Help restore public lands destroyed by Brian Head fire while learning

Vegetation is charred in the town of Brian Head where a wildfire started two weeks prior, Iron County, Utah, July 1, 2017 | Photo by Scott Young, St. George News

CEDAR CITY — Experience the public lands surrounding Cedar City like never before with Southern Utah University and Jacqualine Grant. Make your summer meaningful by helping restore lands damaged in the 2017 Brian Head fire.

A participant in “Plants and Public Lands” course, date and location not specified | Photo courtesy of Southern Utah University, Cedar City News / St. George News

SUU Community Education is offering a summer course titled “Plants and Public Lands.” Participants will learn all about Utah’s native plants within the scenic landscapes in Southern Utah.

“This is an amazing opportunity for our community to help our public lands while learning something new from an experienced professional,” said Suzette Beach, assistant director of SUU Community Education.

The course will be offered in two different sessions, June 7-22 and July 30–Aug. 14, with one in-class presentation and five field trips each session.

Course participants will also learn how to keep a field journal, the difference between native and non-native plant species, plant and flower identification, and will contribute to restoration efforts on the Dixie National Forest and the Bureau of Land Management that were heavily damaged in the Brian Head fire.

Grant, an award-winning experiential educator and biology professor at SUU, will be instructing the course, as well as leading the field trips that include several short hikes.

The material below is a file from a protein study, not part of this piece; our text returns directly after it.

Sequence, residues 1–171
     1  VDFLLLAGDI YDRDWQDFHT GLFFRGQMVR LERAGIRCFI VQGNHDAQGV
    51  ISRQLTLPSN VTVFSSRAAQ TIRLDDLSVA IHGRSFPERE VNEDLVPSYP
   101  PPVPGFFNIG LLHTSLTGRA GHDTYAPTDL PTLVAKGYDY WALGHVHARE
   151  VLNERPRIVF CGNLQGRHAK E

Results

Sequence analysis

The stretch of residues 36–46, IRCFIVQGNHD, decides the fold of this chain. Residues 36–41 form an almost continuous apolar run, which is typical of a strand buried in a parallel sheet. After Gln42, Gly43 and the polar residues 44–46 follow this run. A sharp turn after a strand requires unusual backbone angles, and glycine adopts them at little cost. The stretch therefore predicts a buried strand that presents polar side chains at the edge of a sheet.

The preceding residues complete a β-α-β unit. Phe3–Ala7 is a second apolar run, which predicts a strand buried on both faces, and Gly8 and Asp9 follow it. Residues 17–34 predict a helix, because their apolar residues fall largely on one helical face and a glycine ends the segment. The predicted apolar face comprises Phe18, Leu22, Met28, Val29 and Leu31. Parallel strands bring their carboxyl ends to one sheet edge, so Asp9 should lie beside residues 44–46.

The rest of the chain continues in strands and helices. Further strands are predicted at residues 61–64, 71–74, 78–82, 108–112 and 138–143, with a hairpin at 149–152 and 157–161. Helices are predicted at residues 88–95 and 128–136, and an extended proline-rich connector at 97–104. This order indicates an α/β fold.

“There is an abundance of magnificent flowering plants that bloom in Southern Utah even though we are immersed in a desert environment,” Grant said. “This applied course will lead you through the identification and biology of common wildflowers, the mechanics of keeping a scientific field journal, an introduction to how seeds are collected for restoration efforts, and an explanation of citizen science and how you can contribute to global databases.”

The course is open for children ages 12 and up. Chance encounters with bees that sleep in globemallows, and other pollinators, could occur.

For more information on “Plants on Public Lands,” or any of the more than 30 courses being offered by SUU Community Education this summer, click here, email bewise@suu.edu or call 435-865-8259.

Event details

  • What: “Plants on Public Lands” community education course.
  • When: June 7-22 and July 30–Aug. 14.
  • Where: Field trips to areas affected by the Brian Head fire.
  • Details: Open for children ages 12 and up. More info at the SUU Community Education website.

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3 Comments

  • Real Life May 6, 2018 at 5:22 pm

    Sure hope ol’ Bob Lyman is proud of himself.

  • PlanetU May 6, 2018 at 8:30 pm

    I wish St. G News would publish Lyman’s note about how it was everyone else’s fault but his and his REPUTATION is suffering.
    Boo-hoo. How about all the other people who suffered losing their cabins and his is still standing.

    • Real Life May 7, 2018 at 12:04 am

      The very fact that he is not in prison, is a joke. Must have a good bishop on his side.

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